As a boy, Walter Keeler was thrilled by Romano British pots, which combined classical proportions with robust execution, and exploited the intrinsic characteristics of their material and making. These qualities became fundamental ingredients in Walters work, chiming with modernism that infected him as a student, and leading him to think of himself as a sort of neo-classicist. Much of Walters salt glazed work has been austere, moderated by degrees of sensuality in the making and in the fired quality of the pots , but always reaching back into the traditions of vessel making (both metal and clay) for inspiration.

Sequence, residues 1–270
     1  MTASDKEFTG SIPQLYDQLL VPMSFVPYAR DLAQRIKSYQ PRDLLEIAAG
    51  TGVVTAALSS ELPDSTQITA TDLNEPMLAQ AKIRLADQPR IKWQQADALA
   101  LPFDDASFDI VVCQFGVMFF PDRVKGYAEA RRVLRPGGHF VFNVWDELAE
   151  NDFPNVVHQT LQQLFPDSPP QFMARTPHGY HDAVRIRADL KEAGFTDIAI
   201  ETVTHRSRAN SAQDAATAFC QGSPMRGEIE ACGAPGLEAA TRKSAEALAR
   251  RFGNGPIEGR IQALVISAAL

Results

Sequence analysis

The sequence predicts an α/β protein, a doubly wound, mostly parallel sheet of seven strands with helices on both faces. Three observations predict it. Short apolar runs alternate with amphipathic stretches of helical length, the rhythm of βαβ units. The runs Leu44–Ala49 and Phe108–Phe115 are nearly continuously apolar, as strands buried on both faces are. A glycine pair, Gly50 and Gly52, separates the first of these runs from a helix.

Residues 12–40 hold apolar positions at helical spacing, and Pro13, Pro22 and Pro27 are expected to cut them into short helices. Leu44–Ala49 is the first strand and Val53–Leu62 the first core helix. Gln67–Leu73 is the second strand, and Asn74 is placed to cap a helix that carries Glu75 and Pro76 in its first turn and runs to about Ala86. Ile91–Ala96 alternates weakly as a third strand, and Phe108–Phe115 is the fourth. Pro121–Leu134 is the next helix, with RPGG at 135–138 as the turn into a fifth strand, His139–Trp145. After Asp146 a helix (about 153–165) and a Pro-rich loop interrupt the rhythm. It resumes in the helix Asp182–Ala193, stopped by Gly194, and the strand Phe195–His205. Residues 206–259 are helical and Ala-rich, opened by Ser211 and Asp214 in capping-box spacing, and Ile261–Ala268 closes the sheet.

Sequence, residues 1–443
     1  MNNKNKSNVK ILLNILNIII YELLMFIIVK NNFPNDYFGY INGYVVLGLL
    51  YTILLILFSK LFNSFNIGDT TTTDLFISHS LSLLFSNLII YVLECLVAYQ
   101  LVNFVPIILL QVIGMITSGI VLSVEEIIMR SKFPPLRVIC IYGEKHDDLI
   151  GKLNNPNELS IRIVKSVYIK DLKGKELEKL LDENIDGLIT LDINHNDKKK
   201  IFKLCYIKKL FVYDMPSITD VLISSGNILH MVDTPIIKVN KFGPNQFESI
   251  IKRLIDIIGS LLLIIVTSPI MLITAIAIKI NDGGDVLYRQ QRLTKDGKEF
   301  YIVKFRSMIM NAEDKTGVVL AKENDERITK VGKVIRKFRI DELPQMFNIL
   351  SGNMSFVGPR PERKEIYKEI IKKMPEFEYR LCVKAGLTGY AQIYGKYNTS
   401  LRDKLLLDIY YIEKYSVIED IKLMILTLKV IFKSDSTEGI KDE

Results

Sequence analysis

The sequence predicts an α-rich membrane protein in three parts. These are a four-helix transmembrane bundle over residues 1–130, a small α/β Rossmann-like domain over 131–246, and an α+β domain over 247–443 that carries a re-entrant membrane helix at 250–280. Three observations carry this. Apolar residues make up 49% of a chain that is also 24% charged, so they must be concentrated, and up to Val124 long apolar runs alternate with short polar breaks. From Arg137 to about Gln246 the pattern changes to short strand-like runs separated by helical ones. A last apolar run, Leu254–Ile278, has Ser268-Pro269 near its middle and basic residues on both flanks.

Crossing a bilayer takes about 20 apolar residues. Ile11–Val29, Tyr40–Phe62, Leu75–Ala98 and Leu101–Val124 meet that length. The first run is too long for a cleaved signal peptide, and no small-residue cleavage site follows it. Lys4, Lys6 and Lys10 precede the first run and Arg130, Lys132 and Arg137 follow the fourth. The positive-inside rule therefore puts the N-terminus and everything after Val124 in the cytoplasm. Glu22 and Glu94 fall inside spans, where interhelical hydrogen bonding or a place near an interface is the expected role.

Some of Walters work is now made in earthenware, creamware to be precise, which springs from his love of Staffordshire pottery of the eighteenth century. This was a period of dynamic innovation when expanding technical and creative horizons, and a new middle class hungry for spectacular symbols of the sophistication and wealth, provoked some of the strangest and most wonderful pots ever made. Walter has always thought of his best pots as extraordinary objects doing a commonplace job – a description that would aptly fit the work of his eighteenth century heroes Thomas and John Wedgwood, Thomas Whieldon and William Greatbatch.
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